Padre Pio glove relics to return to Bohol

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Padre Pio glove relics to return to Bohol

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Isola di Francesco in Panglao, Bohol (Contributed Photo)

The glove relics of St. Pio will be making their way once again to Bohol, home of the Isola di Francesco or the Padre Pio Island.

Ramon Rodriguez, founder and president of the Philippine Center for St. Pio of Pietrelcina, Inc., said during the feast day of the saint on Wednesday that he will be taking the relics to Bohol once pandemic travel restrictions are lifted.

The relic was previously taken around the province and displayed in various churches through Rodriguez and his partner in Bohol, Chronicle senior reporter Chito Visarra.

“Kung makakapunta ako sa Bohol, I will go there one time…dalhin ko yung relic gloves kung gusto niyo mag misa diyan. People can venerate the gloves,” said Rodriguez.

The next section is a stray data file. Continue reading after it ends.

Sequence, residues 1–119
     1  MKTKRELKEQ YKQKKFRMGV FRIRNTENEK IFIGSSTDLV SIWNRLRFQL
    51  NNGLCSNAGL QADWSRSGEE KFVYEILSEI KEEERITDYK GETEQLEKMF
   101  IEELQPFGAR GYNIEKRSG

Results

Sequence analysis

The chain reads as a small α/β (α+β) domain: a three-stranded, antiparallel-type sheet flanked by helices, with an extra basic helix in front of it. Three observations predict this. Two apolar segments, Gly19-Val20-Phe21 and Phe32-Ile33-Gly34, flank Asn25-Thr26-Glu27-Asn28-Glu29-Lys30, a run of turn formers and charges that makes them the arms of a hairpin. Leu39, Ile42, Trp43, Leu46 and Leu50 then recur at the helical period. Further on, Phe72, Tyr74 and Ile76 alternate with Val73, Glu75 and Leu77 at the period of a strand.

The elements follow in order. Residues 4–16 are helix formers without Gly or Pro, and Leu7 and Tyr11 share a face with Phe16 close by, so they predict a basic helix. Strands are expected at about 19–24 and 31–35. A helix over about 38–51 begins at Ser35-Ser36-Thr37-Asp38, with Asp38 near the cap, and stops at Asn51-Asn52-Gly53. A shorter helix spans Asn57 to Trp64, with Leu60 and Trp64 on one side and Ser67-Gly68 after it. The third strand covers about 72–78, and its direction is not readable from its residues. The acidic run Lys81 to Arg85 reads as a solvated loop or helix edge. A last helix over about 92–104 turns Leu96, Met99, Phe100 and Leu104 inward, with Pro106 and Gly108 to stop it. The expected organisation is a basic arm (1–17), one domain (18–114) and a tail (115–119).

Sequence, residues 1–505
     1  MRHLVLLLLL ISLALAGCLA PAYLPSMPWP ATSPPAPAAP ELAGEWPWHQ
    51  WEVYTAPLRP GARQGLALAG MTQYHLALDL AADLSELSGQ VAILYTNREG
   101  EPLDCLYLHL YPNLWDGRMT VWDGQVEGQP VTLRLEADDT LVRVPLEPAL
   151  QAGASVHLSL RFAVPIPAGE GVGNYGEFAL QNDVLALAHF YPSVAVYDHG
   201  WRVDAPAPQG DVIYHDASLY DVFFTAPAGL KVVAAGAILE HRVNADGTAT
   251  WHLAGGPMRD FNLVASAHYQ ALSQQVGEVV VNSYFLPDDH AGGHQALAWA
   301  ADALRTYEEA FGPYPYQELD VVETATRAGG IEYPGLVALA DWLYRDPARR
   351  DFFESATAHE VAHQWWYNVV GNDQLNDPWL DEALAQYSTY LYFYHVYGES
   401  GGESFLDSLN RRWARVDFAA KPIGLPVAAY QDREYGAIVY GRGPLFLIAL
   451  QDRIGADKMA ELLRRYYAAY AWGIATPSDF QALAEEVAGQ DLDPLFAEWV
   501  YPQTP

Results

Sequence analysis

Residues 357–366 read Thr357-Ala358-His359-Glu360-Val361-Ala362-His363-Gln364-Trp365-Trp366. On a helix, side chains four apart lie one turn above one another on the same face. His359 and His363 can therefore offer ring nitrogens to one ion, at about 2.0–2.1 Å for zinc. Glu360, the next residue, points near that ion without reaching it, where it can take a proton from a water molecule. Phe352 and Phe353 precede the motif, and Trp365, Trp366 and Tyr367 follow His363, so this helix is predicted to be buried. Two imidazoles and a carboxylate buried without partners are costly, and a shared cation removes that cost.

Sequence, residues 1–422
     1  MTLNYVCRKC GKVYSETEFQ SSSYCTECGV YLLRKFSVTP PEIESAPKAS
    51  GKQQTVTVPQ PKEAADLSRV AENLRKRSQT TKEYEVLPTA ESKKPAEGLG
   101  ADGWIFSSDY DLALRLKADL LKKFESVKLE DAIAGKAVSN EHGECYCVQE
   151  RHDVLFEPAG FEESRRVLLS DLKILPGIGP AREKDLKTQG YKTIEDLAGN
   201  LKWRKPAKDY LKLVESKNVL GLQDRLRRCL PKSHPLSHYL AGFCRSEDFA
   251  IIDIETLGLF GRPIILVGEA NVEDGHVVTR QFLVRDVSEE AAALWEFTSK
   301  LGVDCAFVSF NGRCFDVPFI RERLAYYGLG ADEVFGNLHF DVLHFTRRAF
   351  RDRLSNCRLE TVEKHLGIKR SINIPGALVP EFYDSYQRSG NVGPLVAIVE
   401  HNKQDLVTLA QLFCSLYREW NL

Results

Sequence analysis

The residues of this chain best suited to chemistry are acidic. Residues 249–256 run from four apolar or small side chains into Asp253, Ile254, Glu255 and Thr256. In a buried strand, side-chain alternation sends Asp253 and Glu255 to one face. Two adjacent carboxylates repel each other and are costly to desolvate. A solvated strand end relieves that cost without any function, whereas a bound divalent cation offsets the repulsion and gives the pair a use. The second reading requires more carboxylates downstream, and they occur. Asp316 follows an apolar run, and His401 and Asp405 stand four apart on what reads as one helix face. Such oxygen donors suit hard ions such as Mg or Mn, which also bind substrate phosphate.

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Rodriguez, a devotee of of St. Pio, also known as Padre Pio, acknowledged that there are many other devotees of the saint in the province.

He had earlier established Isola di Francesco in an island off Panglao as a place for worship and where he also built a chapel in honor of the saint.

Rodriguez, a successful businessman in Manila, has shifted his focus to his devotion to Padre Pio by establishing the St. Pio of Pietrelcina, Inc. and building the National Shrine and Parish of Saint Padre Pio commonly known as Padre Pio Shrine in Quezon City.

“Wala na yung pasyal dito, pasyal doon, barkada, wala na. I devoted my life to Jesus Christ, Mama Mary, St. Josepha and Padre Pio. Ang aking devotion for Padre Pio talagang for life na ‘yun,” he said.

Padre Pio was born in 1887 in the small town of Pietrelcina in Italy. He was ordained priest under the Capuchin Order at the age of 23.

On September 20, 1918, the five wounds of our Lord’s Passion appeared on his body, making him the first stigmatized priest in the history of the Church.

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He died at the age of 81 in 1968 and was canonized by Pope John Paul ll on June 16, 2002.

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St. Pio has drawn devotees seeking healing the world over including in predominantly Catholic Philippines. (R. Tutas)

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